VATICAN CITY (CNS) -- Returning to the Vatican in the midst of a heat wave after an eight-day, three-country trip to South America, Pope Francis took the kind of vacation he said he prefers: what has become known as a "staycation."

    With the exception of a July ...
    FULL STORY

    Pope Francis waves as he leads general audience in St. Peter's Square.
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  The Intimate Merton audiobook
  Geekpriest: Confessions of a New Media Pioneer
  The Last Words of Jesus













Love of God and love of others are the two great commandments: Templeton Prize-winner Jean Vanier shows that these are the same thing. In his chapter-by-chapter book, Vanier explains how Jesus taught this lesson throughout his ministry.

Vanier includes stories from his work with L'Arche that express the great privilege we have of developing our relationships with one another and with God.

Click here to learn more about the book!

Enjoy this video featuring Jean Vanier!


 
ST. ANTHONY MESSENGER
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Alphonsus Liguori: 
		<p>Moral theology, Vatican II said, should be more thoroughly nourished by Scripture, and show the nobility of the Christian vocation of the faithful and their obligation to bring forth fruit in charity for the life of the world. Alphonsus, declared patron of moral theologians by Pius XII in 1950, would rejoice in that statement.</p>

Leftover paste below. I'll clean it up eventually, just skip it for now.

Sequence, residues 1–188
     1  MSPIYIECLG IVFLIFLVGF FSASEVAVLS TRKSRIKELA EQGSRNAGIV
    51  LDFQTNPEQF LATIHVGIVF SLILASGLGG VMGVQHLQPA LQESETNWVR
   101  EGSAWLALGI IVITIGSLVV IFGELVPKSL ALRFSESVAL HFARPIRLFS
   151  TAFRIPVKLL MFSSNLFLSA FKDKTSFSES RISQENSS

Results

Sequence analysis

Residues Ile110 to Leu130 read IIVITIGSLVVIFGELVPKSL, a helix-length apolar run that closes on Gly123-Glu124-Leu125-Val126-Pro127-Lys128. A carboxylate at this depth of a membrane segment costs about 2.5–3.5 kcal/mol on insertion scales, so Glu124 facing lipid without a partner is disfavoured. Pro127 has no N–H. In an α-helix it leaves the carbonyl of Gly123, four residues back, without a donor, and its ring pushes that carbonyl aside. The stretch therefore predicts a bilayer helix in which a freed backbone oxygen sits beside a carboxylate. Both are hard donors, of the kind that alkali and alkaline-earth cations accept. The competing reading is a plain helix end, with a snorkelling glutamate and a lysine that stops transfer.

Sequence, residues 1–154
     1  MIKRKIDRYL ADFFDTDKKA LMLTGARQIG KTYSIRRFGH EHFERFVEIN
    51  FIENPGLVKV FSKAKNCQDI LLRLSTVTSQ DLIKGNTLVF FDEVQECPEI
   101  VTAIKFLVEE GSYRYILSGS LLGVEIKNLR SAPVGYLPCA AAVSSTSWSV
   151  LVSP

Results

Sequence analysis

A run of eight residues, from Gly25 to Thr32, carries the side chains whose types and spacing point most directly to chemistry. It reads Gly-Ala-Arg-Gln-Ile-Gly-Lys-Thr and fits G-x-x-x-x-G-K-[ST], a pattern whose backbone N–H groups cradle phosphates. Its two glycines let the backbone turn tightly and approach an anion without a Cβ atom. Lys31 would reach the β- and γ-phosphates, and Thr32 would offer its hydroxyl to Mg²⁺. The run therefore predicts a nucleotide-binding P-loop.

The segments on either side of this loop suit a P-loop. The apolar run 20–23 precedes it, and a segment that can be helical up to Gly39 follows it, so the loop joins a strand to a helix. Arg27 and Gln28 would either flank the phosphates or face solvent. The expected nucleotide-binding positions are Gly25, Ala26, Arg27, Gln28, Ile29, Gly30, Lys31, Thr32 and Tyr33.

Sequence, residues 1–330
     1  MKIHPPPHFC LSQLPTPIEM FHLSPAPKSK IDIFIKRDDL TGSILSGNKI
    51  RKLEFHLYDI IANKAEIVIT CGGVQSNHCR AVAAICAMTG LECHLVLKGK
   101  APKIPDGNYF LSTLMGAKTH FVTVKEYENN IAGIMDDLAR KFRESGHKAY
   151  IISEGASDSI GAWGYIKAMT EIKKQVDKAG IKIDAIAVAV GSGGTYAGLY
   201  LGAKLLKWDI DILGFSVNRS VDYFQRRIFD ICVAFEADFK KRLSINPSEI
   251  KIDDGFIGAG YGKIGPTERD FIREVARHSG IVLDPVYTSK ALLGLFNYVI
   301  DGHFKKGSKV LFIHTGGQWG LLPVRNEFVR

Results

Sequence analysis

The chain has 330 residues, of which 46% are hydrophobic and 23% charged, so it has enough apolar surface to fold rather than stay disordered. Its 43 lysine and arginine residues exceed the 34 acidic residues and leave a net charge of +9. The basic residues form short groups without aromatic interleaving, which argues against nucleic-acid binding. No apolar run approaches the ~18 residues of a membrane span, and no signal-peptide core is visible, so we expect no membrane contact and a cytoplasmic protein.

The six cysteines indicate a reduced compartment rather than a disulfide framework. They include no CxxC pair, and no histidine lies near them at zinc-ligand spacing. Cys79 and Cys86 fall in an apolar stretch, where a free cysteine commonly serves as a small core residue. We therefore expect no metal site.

<p>In his day, Alphonsus fought for the liberation of moral theology from the rigidity of Jansenism. His moral theology, which went through 60 editions in the century following him, concentrated on the practical and concrete problems of pastors and confessors. If a certain legalism and minimalism crept into moral theology, it should not be attributed to this model of moderation and gentleness.</p>
		<p>At the University of Naples he received, at the age of 16, a doctorate in both canon and civil law by acclamation, but he soon gave up the practice of law for apostolic activity. He was ordained a priest and concentrated his pastoral efforts on popular (parish) missions, hearing confessions, forming Christian groups. </p>